January 30, 2023

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Thomas launches two of D-backs' five dingers

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PITTSBURGH — The D-backs aren’t built to be a top homer-hitting team in MLB, but they’ve shown streaks of it. As recently as a stretch from May 16-24, the D-backs’ lineup produced 21 home runs in 10 games, including a seven-dinger affair at windy Wrigley Field.

Coming into Friday’s series opener at PNC Park, though, they’d only hit three in their past seven games against the past two World Series champions in the Dodgers and the Braves. But the D-backs showed they can still slug by crushing five homers to key an 8-6 victory over the Pirates.

The first came from a player who has crept up near the top of the National League home run leaderboard with little fanfare. Christian Walker slugged a leadoff homer in the second inning, a Statcast-projected 420-foot drive to left-center field. It was his 14th long ball of the season, trailing only Mookie Betts’ 16 in the NL.

Walker is on a tear right now, with eight homers in his past 17 games — half of which have come against the Dodgers, one of MLB’s best rotations and a team which has swept Arizona in each of their past two series. His pace of late is a far cry from his April production, when he posted a .576 OPS in 21 games but felt like he was making the kind of contact he wanted.

“When you get evaluated on your game results, that’s where the focus tends to go,” Walker said. “So even when I’m hitting balls hard, sticking to my process, it’s comforting to see some results head in my direction.”

But it wasn’t just the veterans doing the bashing Friday. The only player with multiple homers on the night was 22-year-old Alek Thomas, the D-backs’ No. 2 prospect per MLB Pipeline. His first of the game was a much-needed solo homer to right-center field to tie the game for the third time through four innings, and it turned out to be the longest dinger of the night at a projected 432 feet.

Then, he drove another ball the same way with just a bit less pace, estimated at 396 feet, to mark his first career multi-homer game in the big leagues. The vaunted prospect entered Friday in a 4-for-31 rut after a scorching start to his Major League career, but the D-backs are hoping he’s made the adjustment to keep him hot.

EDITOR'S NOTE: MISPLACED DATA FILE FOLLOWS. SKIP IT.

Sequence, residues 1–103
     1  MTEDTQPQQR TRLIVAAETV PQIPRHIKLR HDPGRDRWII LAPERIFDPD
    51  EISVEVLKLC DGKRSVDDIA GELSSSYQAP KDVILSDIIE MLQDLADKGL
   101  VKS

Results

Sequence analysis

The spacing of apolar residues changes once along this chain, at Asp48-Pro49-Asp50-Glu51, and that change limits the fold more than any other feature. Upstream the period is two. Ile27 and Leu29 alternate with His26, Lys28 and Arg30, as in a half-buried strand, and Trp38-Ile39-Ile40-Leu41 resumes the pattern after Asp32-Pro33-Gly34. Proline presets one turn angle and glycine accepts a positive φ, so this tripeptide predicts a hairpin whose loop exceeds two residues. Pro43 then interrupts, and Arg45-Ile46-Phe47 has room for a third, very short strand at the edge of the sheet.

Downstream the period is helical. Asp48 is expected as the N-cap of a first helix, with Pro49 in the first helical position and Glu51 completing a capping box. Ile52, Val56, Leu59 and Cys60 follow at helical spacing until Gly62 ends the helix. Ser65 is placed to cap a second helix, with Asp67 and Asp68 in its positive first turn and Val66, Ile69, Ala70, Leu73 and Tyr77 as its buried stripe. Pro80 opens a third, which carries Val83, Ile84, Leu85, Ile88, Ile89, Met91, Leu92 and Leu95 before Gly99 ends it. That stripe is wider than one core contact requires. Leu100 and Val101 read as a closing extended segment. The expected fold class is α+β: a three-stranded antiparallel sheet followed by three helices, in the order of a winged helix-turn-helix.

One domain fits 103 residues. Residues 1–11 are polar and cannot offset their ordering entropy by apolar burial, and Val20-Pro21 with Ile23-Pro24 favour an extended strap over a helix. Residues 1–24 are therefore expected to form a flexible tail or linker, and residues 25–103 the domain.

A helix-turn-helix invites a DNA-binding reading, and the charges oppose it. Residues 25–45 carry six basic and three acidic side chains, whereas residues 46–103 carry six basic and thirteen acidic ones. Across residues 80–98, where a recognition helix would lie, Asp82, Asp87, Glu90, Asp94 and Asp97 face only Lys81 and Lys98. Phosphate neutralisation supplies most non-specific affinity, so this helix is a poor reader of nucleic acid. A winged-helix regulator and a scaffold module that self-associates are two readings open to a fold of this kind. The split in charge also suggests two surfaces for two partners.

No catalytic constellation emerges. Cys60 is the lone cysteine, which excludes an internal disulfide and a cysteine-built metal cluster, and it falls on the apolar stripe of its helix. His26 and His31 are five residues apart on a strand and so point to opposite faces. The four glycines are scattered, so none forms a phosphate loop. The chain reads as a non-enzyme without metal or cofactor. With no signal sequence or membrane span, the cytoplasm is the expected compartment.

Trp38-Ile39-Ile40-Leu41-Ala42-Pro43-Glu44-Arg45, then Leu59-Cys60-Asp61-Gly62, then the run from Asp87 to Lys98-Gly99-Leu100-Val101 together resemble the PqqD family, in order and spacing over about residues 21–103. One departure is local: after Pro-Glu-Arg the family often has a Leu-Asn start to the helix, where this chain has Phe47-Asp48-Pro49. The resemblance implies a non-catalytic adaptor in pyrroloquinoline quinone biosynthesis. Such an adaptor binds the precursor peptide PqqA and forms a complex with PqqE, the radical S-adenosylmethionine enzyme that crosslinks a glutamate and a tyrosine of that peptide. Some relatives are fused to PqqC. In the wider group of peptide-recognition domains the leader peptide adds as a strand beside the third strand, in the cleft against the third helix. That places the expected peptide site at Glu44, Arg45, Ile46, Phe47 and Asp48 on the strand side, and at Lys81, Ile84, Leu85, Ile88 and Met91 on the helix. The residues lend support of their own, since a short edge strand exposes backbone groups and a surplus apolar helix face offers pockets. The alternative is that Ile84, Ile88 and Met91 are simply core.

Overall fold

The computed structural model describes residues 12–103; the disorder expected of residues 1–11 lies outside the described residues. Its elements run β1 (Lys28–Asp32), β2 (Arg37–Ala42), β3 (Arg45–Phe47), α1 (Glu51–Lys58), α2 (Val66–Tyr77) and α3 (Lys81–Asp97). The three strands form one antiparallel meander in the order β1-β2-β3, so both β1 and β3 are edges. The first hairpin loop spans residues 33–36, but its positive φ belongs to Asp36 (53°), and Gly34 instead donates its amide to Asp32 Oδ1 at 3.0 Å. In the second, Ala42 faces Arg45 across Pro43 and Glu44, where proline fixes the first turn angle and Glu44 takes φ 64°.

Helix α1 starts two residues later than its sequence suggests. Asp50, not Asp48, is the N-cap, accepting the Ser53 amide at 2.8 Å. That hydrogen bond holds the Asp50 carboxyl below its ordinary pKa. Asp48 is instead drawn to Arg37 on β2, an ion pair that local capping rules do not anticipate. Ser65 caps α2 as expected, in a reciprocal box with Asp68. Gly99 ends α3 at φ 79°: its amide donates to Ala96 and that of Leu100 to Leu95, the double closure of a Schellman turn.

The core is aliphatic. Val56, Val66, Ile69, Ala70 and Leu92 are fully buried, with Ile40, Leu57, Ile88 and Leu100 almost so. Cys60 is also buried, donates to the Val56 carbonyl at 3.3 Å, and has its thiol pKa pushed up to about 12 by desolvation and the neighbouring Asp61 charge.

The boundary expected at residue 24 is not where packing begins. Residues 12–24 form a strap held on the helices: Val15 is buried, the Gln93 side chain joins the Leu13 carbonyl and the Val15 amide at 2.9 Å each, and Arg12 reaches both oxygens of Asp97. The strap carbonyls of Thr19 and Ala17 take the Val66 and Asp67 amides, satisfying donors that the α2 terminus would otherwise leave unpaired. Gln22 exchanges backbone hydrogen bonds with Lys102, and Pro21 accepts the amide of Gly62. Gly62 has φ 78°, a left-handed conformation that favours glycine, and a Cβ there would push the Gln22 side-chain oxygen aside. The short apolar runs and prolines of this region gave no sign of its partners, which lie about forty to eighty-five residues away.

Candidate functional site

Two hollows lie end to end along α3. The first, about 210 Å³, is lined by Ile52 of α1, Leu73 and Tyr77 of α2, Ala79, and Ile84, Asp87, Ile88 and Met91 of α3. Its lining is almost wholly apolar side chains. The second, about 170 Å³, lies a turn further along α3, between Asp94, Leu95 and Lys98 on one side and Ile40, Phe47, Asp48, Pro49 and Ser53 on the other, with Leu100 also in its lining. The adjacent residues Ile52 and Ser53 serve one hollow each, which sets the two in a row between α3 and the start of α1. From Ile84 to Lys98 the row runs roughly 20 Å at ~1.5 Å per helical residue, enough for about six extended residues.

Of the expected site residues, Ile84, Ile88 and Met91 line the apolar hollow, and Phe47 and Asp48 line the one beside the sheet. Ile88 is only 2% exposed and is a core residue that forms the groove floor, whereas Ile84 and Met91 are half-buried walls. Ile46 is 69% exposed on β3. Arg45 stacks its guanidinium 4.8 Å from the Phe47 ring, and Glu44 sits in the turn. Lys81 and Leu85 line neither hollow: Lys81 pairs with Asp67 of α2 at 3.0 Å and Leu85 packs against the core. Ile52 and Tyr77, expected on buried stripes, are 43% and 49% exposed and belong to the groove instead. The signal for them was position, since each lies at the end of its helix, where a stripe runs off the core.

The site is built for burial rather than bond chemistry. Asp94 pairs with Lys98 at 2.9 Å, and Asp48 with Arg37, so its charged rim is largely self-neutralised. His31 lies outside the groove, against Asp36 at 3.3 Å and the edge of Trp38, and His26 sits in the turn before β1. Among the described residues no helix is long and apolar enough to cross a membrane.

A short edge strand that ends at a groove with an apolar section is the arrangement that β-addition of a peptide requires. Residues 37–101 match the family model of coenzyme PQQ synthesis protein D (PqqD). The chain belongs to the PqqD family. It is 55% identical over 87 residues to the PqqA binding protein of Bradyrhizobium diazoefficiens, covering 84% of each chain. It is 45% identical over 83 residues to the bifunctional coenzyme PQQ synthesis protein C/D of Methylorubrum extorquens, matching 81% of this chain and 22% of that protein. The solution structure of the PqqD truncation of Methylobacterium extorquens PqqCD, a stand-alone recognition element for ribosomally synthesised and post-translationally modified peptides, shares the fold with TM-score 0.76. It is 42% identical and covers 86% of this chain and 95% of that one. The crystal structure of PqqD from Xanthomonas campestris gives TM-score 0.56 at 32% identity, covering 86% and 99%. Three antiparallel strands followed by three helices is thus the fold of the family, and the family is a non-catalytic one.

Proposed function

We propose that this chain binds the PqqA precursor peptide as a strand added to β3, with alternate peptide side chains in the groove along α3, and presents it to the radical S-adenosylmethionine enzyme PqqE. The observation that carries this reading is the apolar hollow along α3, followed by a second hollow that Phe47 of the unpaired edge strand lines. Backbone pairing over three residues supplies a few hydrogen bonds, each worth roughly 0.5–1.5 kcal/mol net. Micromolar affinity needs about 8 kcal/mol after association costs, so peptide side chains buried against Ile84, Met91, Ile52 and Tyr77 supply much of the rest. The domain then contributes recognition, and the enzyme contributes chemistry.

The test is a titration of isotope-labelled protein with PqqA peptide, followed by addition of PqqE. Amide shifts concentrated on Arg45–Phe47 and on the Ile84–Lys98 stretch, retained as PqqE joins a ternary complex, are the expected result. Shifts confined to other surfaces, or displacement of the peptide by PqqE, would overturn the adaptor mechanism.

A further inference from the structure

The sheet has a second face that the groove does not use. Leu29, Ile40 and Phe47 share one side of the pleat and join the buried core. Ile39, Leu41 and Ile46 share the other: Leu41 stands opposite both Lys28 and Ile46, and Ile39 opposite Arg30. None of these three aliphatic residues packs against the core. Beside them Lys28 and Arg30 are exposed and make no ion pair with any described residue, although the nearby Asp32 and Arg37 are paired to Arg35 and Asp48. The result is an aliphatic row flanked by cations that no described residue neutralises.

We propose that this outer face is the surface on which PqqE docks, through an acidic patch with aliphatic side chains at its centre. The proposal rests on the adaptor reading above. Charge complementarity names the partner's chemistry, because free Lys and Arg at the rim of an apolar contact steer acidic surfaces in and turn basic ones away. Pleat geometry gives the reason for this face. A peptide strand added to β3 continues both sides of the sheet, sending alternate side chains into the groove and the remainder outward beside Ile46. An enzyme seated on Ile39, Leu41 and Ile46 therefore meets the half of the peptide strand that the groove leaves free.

“I felt like I was a little inconsistent with my at-bats,” Thomas said of that stretch. “I’d have some good ones and then I’d have some bad ones. Just trying to find that middle ground and continue to have good at-bats. I’m still trying to do that, and it showed up a little bit today.”

“I think what you guys are seeing is, in my opinion, he’s going to stay for a long time,” said Merrill Kelly, who gave up three runs (two earned) in five innings. “You never know in this game, but I think he has the mentality and the tools to be like this for a while.”

Maybe the most impressive home run of the night belonged to Ketel Marte. After a leadoff double by Josh Rojas, Marte turned on a high fastball and torched it 112.6 mph perfectly placed beside where the right-field foul pole merges with the Clemente Wall. Walker had a perfect view from the on-deck circle.

“I had a feeling it was going to go out, it was just a matter of how high it was,” Walker said. “I think he hit it like 112, 113, but I think I’ve seen that guy do that a handful of times. That’s not a surprise. He’s an amazing hitter.”

Rounding up the big bashing action was Jake McCarthy with a ball that snuck over the Clemente Wall to go back to back with Thomas’ second homer in the seventh. It was McCarthy’s second of the season.

With that handful of homers, the D-backs were one of six teams in MLB with at least five home runs in a game Friday, marking the first day in MLB history that has happened. Before then, no more than four teams had hit five homers in a game on the same day.

“We needed every run,” manager Torey Lovullo said. “This was a great team win.”

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